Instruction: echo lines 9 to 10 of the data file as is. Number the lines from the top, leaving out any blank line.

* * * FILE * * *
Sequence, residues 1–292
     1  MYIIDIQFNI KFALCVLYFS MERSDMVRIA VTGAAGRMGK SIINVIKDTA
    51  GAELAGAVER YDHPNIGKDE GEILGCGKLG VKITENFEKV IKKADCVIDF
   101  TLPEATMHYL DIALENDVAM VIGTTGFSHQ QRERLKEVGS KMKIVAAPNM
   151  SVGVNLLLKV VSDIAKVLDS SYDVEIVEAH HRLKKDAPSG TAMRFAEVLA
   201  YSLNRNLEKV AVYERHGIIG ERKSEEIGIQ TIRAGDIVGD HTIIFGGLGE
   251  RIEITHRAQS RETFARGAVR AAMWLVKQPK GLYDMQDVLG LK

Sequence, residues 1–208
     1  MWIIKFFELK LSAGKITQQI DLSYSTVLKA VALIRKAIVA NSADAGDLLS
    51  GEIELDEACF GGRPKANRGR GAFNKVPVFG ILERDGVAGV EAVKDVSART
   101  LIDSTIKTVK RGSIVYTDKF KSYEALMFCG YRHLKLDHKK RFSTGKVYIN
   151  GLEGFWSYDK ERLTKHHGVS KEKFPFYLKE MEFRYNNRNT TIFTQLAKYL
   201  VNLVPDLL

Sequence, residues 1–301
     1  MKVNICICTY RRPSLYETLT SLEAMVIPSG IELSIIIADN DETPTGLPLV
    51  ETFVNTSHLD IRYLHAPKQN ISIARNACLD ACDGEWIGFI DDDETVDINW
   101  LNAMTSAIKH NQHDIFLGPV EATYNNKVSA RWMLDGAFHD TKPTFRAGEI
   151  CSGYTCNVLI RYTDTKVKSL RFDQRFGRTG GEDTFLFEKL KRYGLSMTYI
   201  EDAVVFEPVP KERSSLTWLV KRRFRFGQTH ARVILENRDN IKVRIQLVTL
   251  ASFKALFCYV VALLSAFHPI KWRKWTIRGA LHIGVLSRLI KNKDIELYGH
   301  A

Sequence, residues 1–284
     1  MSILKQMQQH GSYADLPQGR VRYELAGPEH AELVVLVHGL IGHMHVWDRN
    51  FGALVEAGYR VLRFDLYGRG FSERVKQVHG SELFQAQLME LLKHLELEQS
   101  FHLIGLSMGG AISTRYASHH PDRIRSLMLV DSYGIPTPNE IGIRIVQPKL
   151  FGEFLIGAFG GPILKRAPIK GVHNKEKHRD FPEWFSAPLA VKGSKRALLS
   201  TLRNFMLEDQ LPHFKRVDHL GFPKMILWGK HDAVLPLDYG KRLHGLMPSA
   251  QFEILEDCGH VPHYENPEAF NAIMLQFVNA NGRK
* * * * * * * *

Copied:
     1  MWIIKFFELK LSAGKITQQI DLSYSTVLKA VALIRKAIVA NSADAGDLLS
    51  GEIELDEACF GGRPKANRGR GAFNKVPVFG ILERDGVAGV EAVKDVSART